Terrestrial planet

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A terrestrial planet, telluric planet or rocky planet is a planet that is primarily composed of silicate rocks and/or metals. Within the solar system, the terrestrial planets are the inner planets closest to the Sun. The terms are derived from Latin words for Earth (Terra and Tellus), so these planets are, in a certain way, "Earth-like".

Terrestrial planets are substantially different from gas giants, which might not have solid surfaces and are composed mostly of some combination of hydrogen, helium, and water existing in various physical states.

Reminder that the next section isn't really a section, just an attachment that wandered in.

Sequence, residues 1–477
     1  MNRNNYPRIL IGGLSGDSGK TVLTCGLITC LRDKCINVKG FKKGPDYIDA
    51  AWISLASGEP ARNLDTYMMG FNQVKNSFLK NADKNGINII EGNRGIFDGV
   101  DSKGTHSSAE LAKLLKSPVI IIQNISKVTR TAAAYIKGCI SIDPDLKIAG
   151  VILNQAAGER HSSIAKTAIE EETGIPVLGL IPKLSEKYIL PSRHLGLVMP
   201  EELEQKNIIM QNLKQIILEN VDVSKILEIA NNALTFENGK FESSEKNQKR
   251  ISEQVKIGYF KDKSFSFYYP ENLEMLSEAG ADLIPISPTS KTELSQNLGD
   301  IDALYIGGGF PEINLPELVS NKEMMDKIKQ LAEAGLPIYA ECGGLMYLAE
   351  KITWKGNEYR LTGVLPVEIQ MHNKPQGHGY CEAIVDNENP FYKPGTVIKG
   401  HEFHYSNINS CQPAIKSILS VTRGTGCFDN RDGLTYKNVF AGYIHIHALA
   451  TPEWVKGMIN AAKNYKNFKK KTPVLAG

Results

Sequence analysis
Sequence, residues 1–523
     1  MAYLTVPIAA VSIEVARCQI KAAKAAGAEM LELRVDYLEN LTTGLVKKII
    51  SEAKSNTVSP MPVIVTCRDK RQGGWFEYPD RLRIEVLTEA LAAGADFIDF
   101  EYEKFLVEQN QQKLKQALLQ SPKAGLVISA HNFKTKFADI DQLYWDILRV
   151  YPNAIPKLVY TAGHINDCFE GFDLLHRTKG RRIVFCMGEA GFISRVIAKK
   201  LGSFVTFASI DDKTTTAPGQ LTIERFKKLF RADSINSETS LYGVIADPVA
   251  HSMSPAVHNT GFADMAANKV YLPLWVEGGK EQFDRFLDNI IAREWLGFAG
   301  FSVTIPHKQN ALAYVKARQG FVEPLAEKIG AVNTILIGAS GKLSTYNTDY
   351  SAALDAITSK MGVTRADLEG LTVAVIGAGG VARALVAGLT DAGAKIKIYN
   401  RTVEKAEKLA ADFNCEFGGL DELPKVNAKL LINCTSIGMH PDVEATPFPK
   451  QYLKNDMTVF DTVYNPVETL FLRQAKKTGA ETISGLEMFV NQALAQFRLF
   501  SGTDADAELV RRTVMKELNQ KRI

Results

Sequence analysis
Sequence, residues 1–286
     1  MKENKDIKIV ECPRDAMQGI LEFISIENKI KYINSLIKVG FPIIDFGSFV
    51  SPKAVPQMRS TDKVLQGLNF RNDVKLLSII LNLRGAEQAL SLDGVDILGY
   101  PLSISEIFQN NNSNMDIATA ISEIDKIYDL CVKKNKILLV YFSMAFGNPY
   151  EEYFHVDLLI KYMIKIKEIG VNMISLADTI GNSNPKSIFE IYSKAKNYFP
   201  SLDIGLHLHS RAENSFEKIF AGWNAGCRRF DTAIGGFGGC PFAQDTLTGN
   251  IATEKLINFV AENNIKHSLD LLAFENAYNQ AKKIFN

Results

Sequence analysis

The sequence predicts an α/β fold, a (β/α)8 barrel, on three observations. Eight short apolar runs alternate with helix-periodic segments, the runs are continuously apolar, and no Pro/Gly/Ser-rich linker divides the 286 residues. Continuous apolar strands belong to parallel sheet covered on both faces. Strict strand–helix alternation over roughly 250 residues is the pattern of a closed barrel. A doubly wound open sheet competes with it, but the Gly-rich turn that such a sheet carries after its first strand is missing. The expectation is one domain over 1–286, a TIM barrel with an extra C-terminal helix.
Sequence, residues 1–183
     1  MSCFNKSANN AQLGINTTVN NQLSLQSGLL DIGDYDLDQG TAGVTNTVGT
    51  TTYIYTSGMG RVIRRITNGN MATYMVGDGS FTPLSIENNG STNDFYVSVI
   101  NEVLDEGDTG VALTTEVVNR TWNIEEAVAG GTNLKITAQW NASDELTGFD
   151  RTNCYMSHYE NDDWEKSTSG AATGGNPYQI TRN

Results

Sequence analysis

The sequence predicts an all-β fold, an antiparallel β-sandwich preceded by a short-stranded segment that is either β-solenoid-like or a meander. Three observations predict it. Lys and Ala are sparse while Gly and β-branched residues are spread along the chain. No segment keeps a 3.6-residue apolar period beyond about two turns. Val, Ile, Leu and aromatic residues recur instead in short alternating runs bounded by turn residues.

Terrestrial planets all have roughly the same structure: a central metallic core, mostly iron, with a surrounding silicate mantle. The Moon is similar, but lacks an iron core. Terrestrial planets have canyons, craters, mountains, and volcanoes. Terrestrial planets possess secondary atmospheres — atmospheres generated through internal volcanism or comet impacts, as opposed to the gas giants, which possess primary atmospheres — atmospheres captured directly from the original solar nebula.[1]

Theoretically, there are two types of terrestrial or rocky planets, one dominated by silicon compounds and another dominated by carbon compounds, like carbonaceous chondrite asteroids. These are the silicate planets and carbon planets (or "diamond planets") respectively.

Solar terrestrial planets

Earth's solar system has four terrestrial planets: Mercury, Venus, Earth, and Mars. Only one terrestrial planet, Earth, is known to have an active hydrosphere.

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